The steroid hormone oestrogen plays a pivotal role in the normal development, physiology and reproductive processes in vertebrates (Harris, 2006). Oestrogen deprivation is a major factor accountable for many age-related events, including poor wound healing in postmenopausal women (Hall and Philips, 2005). Many of these processes are modulated by the activity of two intracellular oestrogen receptors (ER); ERα and ERβ (Pearce and Jordan, Petterson et al., 2000). They both bind to 17β-oestradiol (17β-(E2) to regulate gene transcription factors with similar affinity (Thornton, 2005). This primarily leads to the activation of transcriptional genes via recruitment of co-activators and co-repressor proteins resulting in changes in ER conformation (Gruber et al., 2004). However recent evidence has suggested that oestrogen can also elicit non-transcriptional activity via membrane coupled ERs (Revelli, A., 1998). Specifically this type of signaling via ERs through the non-genomic pathways can occur in both reproductive and non-reproductive tissues (Morley, P., et al., 1992).
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Cutaneous wound healing is an event that employs various sequential, over lapping stages (Schmidt, et al., 1994). The classical model of wound healing occurs in multisteps; tissues undergo complex and important events that are required for the prompt closure of the wound prior to re-establishment of the skin barrier (Hackam, et al., 2002). The initial healing stage of this process involves blood clot formation (haemostasis) and inflammation. The inflammatory response mediates the proliferatory and migratory responses of dermal and epidermal cells to re-establish the skin barrier (re-epithelialisation) and close the wound (Hackam, et al., 2002). The final step involves skin tissue recovery and restoration of skin aesthetics through tissue remodeling and differentiation (Hackam, et al., 2002).
Aging and Hormone Replacement Therapy (HRT)
Aging is associated with impaired acute and chronic wound healing, although administration of oestradoil and dehydroepiandrosterone (DHEA) can reverse this age-related chronic wound healing impairment (Ashcroft. et al., 2002). Additionally with aging the permanent cessation of menstruation occur due to loss of ovarian function, defined as menopause (World Health Organization (WHO), 1981).
The effects of oestrogen on skin are further understood from comparative studies between administration of HRT in post-menopausal women and those without HRT.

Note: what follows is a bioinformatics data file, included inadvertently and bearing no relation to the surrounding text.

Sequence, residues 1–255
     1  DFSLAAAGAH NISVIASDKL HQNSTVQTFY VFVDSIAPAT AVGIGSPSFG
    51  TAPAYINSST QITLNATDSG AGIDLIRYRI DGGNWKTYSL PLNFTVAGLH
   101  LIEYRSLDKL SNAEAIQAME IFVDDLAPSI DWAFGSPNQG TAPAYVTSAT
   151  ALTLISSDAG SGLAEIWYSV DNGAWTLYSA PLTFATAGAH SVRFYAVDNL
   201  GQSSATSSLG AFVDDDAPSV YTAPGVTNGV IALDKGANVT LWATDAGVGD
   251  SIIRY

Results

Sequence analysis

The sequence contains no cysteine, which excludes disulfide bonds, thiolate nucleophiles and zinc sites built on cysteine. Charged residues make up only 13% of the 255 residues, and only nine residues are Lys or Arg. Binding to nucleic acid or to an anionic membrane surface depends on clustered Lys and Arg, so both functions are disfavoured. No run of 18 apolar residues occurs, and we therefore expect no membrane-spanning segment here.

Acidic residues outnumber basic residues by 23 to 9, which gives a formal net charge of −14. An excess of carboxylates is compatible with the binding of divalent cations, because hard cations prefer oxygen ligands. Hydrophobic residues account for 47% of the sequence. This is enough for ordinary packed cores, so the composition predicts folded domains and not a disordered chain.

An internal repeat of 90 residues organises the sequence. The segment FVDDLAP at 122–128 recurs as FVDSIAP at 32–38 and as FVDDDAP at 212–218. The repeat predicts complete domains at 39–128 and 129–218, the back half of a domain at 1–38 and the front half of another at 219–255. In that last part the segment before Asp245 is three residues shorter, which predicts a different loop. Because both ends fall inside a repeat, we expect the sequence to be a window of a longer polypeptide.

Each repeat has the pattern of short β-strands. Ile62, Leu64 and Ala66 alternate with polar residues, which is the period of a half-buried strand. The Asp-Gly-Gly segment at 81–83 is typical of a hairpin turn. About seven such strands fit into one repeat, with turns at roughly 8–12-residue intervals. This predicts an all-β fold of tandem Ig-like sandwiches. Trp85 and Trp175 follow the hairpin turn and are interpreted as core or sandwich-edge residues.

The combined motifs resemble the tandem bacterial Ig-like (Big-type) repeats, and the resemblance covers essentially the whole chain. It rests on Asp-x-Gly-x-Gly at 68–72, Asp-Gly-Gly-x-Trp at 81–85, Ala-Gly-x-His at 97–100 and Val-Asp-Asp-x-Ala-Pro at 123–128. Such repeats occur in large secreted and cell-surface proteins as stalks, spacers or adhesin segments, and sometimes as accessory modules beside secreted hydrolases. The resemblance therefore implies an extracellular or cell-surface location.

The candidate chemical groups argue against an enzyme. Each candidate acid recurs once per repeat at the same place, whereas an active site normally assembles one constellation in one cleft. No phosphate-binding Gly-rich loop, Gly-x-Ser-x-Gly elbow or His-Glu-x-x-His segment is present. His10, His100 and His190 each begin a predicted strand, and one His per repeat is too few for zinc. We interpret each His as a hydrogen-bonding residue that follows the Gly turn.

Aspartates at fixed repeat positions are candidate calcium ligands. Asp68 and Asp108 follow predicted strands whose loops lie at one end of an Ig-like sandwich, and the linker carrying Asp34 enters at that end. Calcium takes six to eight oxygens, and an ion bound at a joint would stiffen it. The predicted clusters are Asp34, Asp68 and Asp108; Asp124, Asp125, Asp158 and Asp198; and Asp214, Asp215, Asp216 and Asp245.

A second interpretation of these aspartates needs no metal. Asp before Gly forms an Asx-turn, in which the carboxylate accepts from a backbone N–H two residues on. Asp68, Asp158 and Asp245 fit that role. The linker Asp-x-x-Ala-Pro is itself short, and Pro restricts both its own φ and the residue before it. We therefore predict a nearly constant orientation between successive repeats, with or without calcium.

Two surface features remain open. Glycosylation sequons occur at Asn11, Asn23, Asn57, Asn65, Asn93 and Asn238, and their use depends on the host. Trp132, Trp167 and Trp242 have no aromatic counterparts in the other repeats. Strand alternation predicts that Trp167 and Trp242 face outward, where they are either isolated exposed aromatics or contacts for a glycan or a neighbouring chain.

After menopause most women experience common symptoms of dry, flaky skin and easy bruising. Within six months of administration of oestrogen through short-term HRT has shown to reverse and improve these symptoms (Brincat and Studd, 1988).
Numerous in vitro studies were attempted for topical administration of oestrogen on the skin. A recent study has confirmed an increase in epidermal thickness post-topical treatment (Son et al 2005; Patriarca, et al, 2007). Other oestrogenic effects include improved skin hydration from systemically (Pierard-Franchimont., et al 1995) or topically administered oestrogen (Sator, et al 2001). Furthermore mid-term usually 12-months oral HRT has shown increased dermal thickness in post-menopausal women (Maheux et.; 1994). Additional skin wrinkling in relation with aging is affected from the contributing influences by environmental and/or hormonal factors. Decreased oestrogen production in post-menopausal women plays a role in wrinkle formation, however following topical short-term oestrogen replacement therapy (ERT); reduced wrinkles in these women have been seen (Dunn et al., 1997). Furthermore in vivo studies in wound healing has shown worsened healing in overiectomized rats, but improved healing rate following oestrogen treatment (Ashcroft et al. 1997, 1999).
In post-menopausal women, HRT is without risk-free and the significant beneficial effects according to recent studies of mid-term HRT have proved delayed skin aging (Brincat 2000; Sator et al, 2004), protection from the development of osteoporosis, heart disease and other age related illnesses (Bushnell and Chlebowski et al., 2005). As a result the potential risks and benefits associated with long-term HRT were studied by the Women's Health Initiative (WHI) in 1993. This study was conclusive and provided evidence of insufficient protective benefits against increasing risk for breast and ovarian cancers among those administered ERT (Brownley and Cauley et al., 2003). Other studies in post-menopausal women have shown that chronic wounds can be prevented via HRT (Margolis and Berard, et al., 2001). HRT is prescribed to supplement the decreased levels of hormones to post-menopausal women.
Oestrogen receptors α and β functional domains in the non-genomic pathway